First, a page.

What to know as Super Typhoon Mawar hammers Guam

Super Typhoon Mawar is moving away from the U.S. territory of Guam, but the island is still facing its strongest storm in decades, causing widespread damage.

The Category 4 storm made landfall on the island of 150,000 residents on Wednesday night, the most powerful to hit the island since 2002. Winds have reached as high as 140 miles per hour, according to the National Weather Service (NWS).

The NWS warned the storm was causing life-threatening conditions and the island’s residents should take shelter as the storm proceeds. President Biden approved an emergency declaration for Guam on Tuesday to allow the Federal Emergency Management Agency (FEMA) to coordinate disaster relief efforts to respond to the storm.

Videos posted online showed trees taken down, cars flipped over, solar panels sent flying through the air, parts of a multistory hotel crumbling and storm surge crashing on the coast, The Associated Press reported.

The Weather Channel reported that dozens of flights were canceled at Guam’s Antonio B. Won Pat International Airport as water flooded into the airport’s floors.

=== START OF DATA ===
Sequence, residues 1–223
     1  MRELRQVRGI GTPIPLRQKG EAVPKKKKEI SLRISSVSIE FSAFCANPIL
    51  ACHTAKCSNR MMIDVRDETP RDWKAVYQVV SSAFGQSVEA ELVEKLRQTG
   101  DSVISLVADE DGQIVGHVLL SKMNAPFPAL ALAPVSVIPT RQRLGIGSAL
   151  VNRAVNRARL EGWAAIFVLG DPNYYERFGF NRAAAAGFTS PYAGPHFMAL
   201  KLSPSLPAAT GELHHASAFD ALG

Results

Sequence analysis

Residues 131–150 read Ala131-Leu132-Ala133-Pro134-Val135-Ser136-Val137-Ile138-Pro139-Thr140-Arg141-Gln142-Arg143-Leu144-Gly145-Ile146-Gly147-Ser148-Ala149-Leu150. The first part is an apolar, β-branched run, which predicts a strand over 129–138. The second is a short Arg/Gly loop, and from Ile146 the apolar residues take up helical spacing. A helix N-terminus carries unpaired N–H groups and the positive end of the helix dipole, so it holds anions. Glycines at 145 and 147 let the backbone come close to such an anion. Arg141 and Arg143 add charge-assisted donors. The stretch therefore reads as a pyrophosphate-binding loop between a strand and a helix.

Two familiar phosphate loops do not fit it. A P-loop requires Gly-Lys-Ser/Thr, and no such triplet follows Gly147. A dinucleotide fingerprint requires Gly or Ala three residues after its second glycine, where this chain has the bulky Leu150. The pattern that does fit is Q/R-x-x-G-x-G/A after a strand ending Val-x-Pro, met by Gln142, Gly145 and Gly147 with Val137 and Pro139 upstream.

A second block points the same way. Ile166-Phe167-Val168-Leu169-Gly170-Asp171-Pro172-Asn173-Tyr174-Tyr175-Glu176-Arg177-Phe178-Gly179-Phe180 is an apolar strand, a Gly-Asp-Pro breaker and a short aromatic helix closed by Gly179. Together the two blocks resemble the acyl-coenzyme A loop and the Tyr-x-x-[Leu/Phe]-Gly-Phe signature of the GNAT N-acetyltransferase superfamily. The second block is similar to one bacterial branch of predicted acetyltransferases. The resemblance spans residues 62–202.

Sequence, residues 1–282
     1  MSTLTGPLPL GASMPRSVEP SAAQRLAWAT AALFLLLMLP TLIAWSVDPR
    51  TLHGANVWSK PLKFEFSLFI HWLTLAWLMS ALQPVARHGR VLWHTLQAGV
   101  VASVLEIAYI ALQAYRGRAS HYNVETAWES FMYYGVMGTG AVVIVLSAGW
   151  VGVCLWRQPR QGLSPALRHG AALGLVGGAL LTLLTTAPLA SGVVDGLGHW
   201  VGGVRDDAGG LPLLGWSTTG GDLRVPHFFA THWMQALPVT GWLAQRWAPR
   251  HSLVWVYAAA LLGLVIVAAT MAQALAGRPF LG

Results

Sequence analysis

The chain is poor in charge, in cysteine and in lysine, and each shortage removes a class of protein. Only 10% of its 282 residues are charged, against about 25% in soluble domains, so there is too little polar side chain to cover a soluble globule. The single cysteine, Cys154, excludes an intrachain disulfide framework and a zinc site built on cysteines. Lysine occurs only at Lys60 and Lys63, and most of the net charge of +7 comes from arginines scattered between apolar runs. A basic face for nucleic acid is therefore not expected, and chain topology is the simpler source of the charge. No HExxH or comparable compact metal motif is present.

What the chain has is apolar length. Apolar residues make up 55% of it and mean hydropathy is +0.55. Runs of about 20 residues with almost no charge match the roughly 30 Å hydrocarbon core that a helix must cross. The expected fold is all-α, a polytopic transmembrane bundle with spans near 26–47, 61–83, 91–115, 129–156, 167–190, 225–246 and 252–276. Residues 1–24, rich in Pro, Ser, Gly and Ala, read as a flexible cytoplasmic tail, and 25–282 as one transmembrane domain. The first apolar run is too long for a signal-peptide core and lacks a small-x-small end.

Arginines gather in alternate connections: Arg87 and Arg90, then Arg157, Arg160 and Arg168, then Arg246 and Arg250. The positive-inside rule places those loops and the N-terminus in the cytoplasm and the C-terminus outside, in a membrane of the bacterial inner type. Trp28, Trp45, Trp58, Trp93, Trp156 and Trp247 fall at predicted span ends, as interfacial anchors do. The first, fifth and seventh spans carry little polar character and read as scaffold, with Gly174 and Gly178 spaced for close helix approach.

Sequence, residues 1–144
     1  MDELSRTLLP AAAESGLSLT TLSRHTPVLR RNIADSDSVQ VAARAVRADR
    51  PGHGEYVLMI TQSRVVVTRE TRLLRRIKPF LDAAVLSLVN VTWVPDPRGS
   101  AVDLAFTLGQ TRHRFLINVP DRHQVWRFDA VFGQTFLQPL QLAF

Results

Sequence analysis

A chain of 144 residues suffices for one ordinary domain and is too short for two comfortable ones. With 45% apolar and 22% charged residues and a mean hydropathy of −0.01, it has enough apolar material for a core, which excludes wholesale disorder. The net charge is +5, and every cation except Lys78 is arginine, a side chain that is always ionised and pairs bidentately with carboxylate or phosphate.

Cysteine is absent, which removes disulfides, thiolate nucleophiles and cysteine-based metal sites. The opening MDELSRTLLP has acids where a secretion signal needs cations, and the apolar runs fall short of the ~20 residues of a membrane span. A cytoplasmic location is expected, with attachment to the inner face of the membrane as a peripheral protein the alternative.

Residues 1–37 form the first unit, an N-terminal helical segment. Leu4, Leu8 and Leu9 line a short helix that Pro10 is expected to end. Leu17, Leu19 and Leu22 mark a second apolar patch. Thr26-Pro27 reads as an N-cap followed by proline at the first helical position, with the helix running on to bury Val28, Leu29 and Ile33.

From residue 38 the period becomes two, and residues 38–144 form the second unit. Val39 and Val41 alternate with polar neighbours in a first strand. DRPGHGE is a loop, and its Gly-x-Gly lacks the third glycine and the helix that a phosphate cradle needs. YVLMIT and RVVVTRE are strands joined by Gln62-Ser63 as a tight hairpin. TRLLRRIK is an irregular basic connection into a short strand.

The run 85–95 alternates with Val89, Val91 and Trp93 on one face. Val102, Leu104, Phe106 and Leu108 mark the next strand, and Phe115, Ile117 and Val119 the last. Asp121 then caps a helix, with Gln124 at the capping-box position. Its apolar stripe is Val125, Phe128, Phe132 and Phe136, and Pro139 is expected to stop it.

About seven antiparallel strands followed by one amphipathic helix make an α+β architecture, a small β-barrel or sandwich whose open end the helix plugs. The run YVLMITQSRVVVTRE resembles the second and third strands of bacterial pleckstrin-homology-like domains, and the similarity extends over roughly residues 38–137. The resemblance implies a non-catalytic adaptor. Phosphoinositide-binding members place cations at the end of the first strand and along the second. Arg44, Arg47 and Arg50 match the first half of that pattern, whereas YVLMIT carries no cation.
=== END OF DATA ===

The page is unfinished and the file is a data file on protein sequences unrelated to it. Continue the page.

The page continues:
The storm made landfall around 9 p.m. local time on Wednesday and was officially on land for about 30 minutes before moving offshore, NWS meteorologist Patrick Doll told AP.

Despite the storm no longer being over land, it is moving slowly at 10 to 15 miles per hour, and a typhoon warning remains in effect for the island.

The USS Nimitz aircraft carrier strike group are also on their way to Guam to assist in recovery efforts and are expected to arrive in a few days. A defense official told The Hill that FEMA did not yet request support from the military, but the ships will be ready to assist once it does.

One observer in Guam told The Weather Channel that the winds had significantly diminished by Thursday afternoon local time. They said the winds and rain are still “considerable” and traveling outside remains unsafe.

“It’s been a long, emotional and tiring night for most Guam residents,” they said. “We are grateful to come through it.”

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